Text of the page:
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Uploaded:2019-08-06
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Every amazing mission you know about today started off as just an idea, and some of 2019’s early phase NIAC concepts could mean big things for our future.

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Hosted by: Caitlin Hofmeister

Thumbnail: https://www.nasa.gov/directorates/spacetech/niac/2019_Phase_I_Phase_II/breeze/

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Sources:

NIAC
https://www.nasa.gov/directorates/spacetech/niac/NIAC_funded_studies.html
https://www.nasa.gov/content/apply-to-niac
https://www.nasa.gov/content/niac-overview

Venus Flier
https://www.nasa.gov/directorates/spacetech/niac/2019_Phase_I_Phase_II/breeze/
https://solarsystem.nasa.gov/planets/venus/in-depth/
https://www.nasa.gov/exploration/whyweexplore/Why_We_22.html
http://www.planetary.org/blogs/jason-davis/2017/20171208-case-for-venus.html
http://www.planetary.org/explore/space-topics/space-missions/missions-to-venus-mercury.html
http://engineering.buffalo.edu/mechanical-aerospace/people/faculty/j-bayandor.html
https://www.britannica.com/topic/locomotion/Gravitational-gliding

Micro-probes
https://www.statler.wvu.edu/faculty-staff/faculty/yu-gu
https://www.nasa.gov/directorates/spacetech/niac/2019_Phase_I_Phase_II/MP4AE/
https://phys.org/news/2018-07-spiders-ballooning-electric-fields.html
https://scied.ucar.edu/atmosphere-layers
https://www.swpc.noaa.gov/phenomena/ionosphere
https://www.theatlantic.com/science/archive/2018/07/the-electric-flight-of-spiders/564437/
https://www.eurekalert.org/pub_releases/2018-07/cp-wsb062818.php
https://phys.org/news/2018-07-spiders-ballooning-electric-fields.html

Beamed Propulsion
https://www.nasa.gov/directorates/spacetech/niac/2018_Phase_I_Phase_II/PROCSIMA/
https://www.nasa.gov/directorates/spacetech/niac/2019_Phase_I_Phase_II/Self_Guided_Beamed_Propulsion/
https://exoplanets.nasa.gov/resources/2211/proxima-b-3d-model/
https://www.space.com/39829-nearest-exoplanet-proxima-b-superflare.html
https://www.engadget.com/2017/12/27/nasa-in-early-planning-for-2069-alpha-centauri-mission/
https://www.techtimes.com/articles/217296/20171221/nasa-plans-send-mission-proxima-centauri-2069.htm
https://space.nss.org/settlement/nasa/spaceresvol2/beamed.html
https://www.nasa.gov/offices/oct/early_stage_innovation/centennial_challenges/cc_pb_feature_11_10_09.html
https://www.nasa.gov/centers/armstrong/news/FactSheets/FS-087-DFRC.html

Images:

https://svs.gsfc.nasa.gov/13087
https://svs.gsfc.nasa.gov/12602
https://www.nasa.gov/directorates/spacetech/niac/2019_Phase_I_Phase_II/breeze/
https://svs.gsfc.nasa.gov/30357
https://svs.gsfc.nasa.gov/20027
https://en.wikipedia.org/wiki/File:PIA00103_Venus_-_3-D_Perspective_View_of_Lavinia_Planitia.jpg
https://www.youtube.com/watch?v=5_QJV9kqOzY
https://svs.gsfc.nasa.gov/12960
https://www.videoblocks.com/video/the-beautiful-thunderstorm-with-lightning-in-the-night-sky-slow-motion-sjjtfwduqjl1egcps
https://www.nasa.gov/directorates/spacetech/niac/2018_Phase_I_Phase_II/PROCSIMA/
https://commons.wikimedia.org/wiki/File:Artist%E2%80%99s_impression_of_Proxima_Centauri_b_shown_hypothetically_as_an_arid_rocky_super-earth.jpg

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(Intro)

Caitlin: The universe is a big place, and there's a lot to explore out there.  There are distant icy moons and fiery atmospheres and everything in between, and understanding how all these places work can teach us more about Earth and open our eyes to some wonder along the way, except exploring space is not easy and the most groundbreaking missions usually require some really creative engineering, so that's where the NIAC program comes in.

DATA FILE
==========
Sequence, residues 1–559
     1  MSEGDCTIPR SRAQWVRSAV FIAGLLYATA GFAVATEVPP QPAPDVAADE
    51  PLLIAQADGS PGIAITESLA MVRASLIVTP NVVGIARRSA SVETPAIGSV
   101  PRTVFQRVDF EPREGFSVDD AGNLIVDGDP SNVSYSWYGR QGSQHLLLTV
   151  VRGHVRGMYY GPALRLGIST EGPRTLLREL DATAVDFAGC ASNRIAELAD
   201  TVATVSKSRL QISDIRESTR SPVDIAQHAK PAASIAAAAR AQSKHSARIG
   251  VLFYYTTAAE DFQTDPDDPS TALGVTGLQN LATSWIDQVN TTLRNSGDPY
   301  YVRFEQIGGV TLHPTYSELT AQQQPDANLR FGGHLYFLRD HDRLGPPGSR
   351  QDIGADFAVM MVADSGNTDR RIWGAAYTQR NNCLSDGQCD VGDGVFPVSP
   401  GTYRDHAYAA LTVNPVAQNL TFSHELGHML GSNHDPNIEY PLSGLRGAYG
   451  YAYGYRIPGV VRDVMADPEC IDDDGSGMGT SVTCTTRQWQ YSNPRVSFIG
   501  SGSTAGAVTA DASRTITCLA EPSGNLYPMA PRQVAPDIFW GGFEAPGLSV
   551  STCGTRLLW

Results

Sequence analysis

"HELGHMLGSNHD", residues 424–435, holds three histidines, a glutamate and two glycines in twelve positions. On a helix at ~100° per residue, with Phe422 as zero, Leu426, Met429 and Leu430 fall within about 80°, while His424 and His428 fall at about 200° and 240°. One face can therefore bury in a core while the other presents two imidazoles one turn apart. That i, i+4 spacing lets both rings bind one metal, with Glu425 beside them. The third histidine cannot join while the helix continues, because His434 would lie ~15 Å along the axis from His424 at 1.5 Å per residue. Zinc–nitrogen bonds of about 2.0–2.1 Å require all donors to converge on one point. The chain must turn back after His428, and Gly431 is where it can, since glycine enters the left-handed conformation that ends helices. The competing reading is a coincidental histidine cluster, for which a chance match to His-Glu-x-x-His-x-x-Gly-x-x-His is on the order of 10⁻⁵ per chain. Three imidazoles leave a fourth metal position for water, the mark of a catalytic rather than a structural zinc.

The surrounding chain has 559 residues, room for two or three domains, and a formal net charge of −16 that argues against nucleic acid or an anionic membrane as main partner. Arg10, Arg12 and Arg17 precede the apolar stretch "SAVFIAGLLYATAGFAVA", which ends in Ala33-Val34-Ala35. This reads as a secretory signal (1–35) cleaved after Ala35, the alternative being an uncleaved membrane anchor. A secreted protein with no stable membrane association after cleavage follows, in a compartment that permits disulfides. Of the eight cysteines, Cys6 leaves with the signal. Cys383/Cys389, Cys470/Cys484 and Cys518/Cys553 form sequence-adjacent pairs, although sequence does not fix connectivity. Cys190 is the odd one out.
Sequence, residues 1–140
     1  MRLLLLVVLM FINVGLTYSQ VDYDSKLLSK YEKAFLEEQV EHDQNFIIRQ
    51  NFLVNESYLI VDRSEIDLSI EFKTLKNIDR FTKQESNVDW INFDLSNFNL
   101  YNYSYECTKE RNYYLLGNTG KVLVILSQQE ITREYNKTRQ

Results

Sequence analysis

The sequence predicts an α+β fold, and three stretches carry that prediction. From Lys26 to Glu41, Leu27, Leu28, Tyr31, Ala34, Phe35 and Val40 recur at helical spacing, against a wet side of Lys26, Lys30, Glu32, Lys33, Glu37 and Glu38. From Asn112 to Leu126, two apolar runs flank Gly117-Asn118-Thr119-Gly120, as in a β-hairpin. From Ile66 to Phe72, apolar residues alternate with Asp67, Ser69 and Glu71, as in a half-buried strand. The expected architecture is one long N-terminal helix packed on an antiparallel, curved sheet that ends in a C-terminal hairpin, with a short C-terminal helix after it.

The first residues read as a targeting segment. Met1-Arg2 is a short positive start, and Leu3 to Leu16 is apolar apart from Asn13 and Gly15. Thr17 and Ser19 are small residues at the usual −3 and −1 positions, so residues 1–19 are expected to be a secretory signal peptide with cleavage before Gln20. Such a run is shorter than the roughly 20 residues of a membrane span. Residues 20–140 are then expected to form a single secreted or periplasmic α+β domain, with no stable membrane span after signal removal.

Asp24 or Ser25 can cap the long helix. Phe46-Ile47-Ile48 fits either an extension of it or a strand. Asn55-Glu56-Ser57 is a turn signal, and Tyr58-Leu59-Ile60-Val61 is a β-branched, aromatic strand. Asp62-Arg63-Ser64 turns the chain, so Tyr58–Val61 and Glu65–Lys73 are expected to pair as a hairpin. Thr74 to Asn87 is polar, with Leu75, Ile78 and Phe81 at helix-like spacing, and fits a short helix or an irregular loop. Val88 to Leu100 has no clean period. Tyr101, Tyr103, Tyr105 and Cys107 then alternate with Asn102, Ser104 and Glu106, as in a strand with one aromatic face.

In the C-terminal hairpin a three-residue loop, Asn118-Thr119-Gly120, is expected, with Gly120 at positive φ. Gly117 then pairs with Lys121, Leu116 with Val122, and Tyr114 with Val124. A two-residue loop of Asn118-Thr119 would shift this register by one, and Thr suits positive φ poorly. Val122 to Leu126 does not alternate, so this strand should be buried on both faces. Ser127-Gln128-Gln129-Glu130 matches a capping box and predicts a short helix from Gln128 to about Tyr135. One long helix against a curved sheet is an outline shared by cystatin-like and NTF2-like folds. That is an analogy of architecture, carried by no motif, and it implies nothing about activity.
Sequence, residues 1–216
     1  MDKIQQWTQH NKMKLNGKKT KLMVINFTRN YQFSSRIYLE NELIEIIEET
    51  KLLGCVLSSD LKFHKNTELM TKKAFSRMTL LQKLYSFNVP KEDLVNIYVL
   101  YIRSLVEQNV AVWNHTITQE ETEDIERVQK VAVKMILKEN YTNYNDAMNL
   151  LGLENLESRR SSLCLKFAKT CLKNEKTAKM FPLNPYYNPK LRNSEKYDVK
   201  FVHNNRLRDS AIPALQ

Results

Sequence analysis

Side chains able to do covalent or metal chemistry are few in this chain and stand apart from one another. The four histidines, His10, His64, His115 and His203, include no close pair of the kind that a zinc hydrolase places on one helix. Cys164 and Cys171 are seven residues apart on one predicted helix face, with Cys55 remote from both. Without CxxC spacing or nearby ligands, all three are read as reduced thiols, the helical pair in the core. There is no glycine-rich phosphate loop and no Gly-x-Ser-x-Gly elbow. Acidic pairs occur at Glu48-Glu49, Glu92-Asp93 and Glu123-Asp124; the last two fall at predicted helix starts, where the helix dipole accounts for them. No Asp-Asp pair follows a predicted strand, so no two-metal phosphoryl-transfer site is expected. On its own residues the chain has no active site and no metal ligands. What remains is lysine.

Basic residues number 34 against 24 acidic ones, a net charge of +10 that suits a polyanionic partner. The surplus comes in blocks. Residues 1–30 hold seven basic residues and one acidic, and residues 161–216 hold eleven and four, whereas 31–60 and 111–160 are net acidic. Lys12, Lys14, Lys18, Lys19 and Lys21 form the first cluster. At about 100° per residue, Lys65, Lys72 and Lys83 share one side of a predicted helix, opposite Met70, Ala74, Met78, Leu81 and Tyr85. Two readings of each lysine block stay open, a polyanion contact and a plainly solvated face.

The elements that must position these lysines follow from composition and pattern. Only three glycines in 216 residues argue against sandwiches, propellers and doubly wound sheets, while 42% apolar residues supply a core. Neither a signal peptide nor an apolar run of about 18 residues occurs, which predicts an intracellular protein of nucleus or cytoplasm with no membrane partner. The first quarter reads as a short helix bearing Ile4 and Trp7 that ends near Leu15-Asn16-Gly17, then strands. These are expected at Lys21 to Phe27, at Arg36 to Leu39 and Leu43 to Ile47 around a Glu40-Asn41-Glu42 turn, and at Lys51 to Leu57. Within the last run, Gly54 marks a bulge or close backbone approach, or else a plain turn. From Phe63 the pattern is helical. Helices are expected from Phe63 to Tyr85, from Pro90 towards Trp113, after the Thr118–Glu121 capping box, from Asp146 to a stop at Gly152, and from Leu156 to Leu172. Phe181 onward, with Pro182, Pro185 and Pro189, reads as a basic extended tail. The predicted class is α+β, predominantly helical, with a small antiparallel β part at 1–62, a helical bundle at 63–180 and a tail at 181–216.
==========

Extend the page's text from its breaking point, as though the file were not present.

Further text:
It stands for the NASA Innovative Advanced Concepts program and it gives scientists and engineers a chance to explore ideas that can transform future missions.  In earlier episode, we talked about some of 2019's most advanced NIAC projects, but it's worth giving some attention to the other concepts, too, because even though they're in the early stages of development, they could mean big things for our future.  Also, they're just really cool.

For context, the NIAC program is broken into three phases.  When a researcher thinks they have a good idea, they can apply to phase one.  If they get accepted, they win $125,000 and get nine months to figure out if their idea is actually feasible.  If it is, they can apply to phase two.  In this phase, researchers are given $500,000 and two years to start to develop their project, and finally, if all that goes well, they can apply to phase three.  In this last stage, they're given $2 million and another two years to work, and by the end of this phase, NASA or another organization should be able to pick up their project for further development.

Every year, there's a new class of phase one, two, and three concepts, but no matter what phase they're in, all of the projects are fascinating.  Take one of 2019's phase one projects called BREEZE.  It stands for Bio-inspired Ray for Extreme Environments and Zonal Exploration, and it's a flyer designed to withstand the harsh winds of Venus that also looks a lot like a cute little stingray.

Although Venus is our closest neighbor and about Earth-sized, its atmosphere is vastly different.  Around the planet,  winds blow at hurricane force and because of all the greenhouse gases that trap the sun's heat, surface temperatures can reach more than 470 degrees Celsius.  That's hot enough to melt lead.  Venus is kind of a barren wasteland but scientists believe that studying it may help us better understand the effect of greenhouse gases as well as how planets evolve in general, and with a maneuverable flyer like BREEZE, we could study areas all around the planet.

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